Cork TD criticises 'shocking' Brexit deal as value of fishing rights loss revised

When the Brexit trade deal was announced on Christmas Eve, Mr McConalogue said the fishing rights going to UK fishermen would cost €35m per year. 
Cork TD criticises 'shocking' Brexit deal as value of fishing rights loss revised

When the Brexit trade deal was announced on Christmas Eve, Mr McConalogue said the fishing rights going to UK fishermen would cost €35m per year. Picture: David Creedon / Anzenberger

A new study of the fishing rights subject to Britain's trade deal with the European Union (EU) published by the Department of Agriculture, Food and the Marine has contradicted the Minister for Agriculture, Charlie McConalogue. 

When the Brexit trade deal was announced on Christmas Eve, Mr McConalogue said the fishing rights going to UK fishermen would cost €35m per year. 

However, an analysis released by his department earlier this week indicates a total loss of at least €43m per year. 

Fisheries took on exceptional political importance during the Brexit trade talks. File picture.

Fisheries took on exceptional political importance during the Brexit trade talks. File picture.

This represents a 15% loss in value of all fish caught by Irish fishing vessels. In comparison, France, another EU member state with significant interests in the Brexit trade provisions for fisheries only lost 8%.

Independent TD Michael Collins has said this agreement is not fair and described the Brexit trade deal as a "shocking deal" for Irish fishermen.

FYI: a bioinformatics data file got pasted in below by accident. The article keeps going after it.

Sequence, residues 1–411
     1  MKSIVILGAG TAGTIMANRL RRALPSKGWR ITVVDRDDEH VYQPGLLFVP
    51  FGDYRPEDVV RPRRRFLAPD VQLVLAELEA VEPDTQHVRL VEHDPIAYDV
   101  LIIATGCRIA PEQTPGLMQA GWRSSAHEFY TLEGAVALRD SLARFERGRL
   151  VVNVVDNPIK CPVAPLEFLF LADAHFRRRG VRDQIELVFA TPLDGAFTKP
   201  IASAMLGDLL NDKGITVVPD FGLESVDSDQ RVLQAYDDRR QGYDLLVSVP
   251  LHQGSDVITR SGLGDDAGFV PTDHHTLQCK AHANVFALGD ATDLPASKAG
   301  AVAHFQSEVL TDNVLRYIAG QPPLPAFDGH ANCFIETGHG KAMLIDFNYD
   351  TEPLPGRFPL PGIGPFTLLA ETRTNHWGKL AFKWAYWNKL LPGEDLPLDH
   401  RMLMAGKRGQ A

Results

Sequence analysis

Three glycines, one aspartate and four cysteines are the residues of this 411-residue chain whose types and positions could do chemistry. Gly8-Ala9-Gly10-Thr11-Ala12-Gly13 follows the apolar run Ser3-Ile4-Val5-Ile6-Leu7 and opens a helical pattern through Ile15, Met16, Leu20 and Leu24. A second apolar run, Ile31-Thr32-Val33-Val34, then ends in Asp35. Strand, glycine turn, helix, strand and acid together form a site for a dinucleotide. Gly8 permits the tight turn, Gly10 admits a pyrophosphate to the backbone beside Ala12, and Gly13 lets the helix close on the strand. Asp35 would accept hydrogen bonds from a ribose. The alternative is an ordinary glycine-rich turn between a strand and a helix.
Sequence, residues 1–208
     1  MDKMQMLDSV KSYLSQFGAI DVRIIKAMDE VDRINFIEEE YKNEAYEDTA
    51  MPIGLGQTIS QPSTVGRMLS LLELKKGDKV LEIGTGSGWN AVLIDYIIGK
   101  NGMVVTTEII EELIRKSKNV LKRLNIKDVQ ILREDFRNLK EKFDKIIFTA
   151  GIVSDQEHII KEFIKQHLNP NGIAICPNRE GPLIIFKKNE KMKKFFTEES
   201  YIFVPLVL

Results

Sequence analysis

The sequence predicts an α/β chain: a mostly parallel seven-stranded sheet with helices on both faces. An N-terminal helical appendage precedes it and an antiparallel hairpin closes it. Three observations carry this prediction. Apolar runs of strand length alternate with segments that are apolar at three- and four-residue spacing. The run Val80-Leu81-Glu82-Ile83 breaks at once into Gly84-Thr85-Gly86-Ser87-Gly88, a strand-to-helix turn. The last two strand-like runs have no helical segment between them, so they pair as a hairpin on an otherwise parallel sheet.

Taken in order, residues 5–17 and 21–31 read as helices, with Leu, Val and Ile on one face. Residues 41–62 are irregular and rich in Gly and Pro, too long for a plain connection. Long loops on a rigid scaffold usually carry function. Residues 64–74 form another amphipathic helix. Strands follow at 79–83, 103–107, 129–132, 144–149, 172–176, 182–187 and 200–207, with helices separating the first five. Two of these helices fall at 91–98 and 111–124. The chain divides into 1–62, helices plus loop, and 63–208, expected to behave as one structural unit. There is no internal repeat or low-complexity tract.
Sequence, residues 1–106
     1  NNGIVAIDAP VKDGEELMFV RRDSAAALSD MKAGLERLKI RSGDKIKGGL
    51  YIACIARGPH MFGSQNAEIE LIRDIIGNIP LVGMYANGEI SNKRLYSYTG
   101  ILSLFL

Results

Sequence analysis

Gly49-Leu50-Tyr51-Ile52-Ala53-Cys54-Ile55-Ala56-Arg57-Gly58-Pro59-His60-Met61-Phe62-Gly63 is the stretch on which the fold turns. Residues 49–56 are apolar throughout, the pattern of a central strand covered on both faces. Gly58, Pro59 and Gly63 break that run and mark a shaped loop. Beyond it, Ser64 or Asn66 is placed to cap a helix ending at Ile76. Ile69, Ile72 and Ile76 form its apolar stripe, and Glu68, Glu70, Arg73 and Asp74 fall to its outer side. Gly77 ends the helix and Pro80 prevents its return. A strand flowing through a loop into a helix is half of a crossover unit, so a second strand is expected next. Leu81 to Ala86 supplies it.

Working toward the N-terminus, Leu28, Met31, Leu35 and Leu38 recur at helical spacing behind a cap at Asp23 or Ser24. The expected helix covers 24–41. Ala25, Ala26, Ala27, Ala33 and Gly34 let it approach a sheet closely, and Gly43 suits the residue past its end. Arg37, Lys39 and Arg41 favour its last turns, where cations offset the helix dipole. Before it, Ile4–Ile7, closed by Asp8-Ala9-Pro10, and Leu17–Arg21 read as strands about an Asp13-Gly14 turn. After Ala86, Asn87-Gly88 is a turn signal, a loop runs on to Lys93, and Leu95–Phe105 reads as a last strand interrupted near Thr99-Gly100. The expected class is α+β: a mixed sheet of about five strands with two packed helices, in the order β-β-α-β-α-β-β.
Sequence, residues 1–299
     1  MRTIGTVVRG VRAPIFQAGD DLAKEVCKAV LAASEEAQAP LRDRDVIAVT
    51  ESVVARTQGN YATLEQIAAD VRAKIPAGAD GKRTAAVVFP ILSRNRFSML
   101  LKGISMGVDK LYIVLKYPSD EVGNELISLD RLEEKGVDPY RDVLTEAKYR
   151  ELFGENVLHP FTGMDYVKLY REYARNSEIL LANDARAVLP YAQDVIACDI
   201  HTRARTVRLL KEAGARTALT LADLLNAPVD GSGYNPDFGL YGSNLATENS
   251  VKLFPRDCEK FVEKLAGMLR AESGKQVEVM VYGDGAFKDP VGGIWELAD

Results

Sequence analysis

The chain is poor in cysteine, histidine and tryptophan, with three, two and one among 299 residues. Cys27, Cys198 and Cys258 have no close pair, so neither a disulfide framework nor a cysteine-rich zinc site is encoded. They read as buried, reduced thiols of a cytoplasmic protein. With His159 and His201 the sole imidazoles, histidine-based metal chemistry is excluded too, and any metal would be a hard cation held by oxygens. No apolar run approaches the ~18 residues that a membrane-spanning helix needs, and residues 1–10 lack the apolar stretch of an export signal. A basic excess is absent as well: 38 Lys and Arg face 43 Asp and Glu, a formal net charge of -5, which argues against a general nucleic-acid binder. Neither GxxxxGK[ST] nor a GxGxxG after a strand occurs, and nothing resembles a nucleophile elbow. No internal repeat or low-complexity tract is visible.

"[French] President Macron has come out and was one of the first to praise the deal of course for his own fishermen but sadly it was a shocking deal for Irish fishermen. 

"And I was always adamant that the Irish should have been involved because it was Irish fish in Irish water, we were always going to be the bargaining chip here. 

"And unfortunately we stepped out and stepped aside and left others to negotiate Irish fish in Irish waters and it has come at a massive price to the Irish people," said Mr Collins. 

Trade disruption

Meanwhile, Irish freight transporters are seeking a six-month “adjustment period” on post-Brexit trade rules to help counteract the "huge disruption" facing hauliers as Brexit stockpiles dry up.

In a letter to Taoiseach Micheál Martin, the Freight Transport Association Ireland (FTAI) warned that Ireland’s “vulnerability” can not be overstated in this new trading landscape, with rising unemployment, disappearing supply chains, and increased prices for consumers likely if the current situation continues as is.

The FTAI has also warned that the difficulties currently being experienced are against a backdrop of huge stockpiling pre-Brexit and the “real challenge” is yet to come.

This is despite new shipping routes coming quickly into operations due to rising demands. Yesterday, Brittany Ferries confirmed that a new crossing between France and Ireland will begin two months early due to Brexit.

The sailing connecting Cherbourg and Rosslare will commence Monday, January 18.

Brittany Ferries said that it has “moved quickly to support the freight sector and to meet the needs of an industry battling Brexit”.

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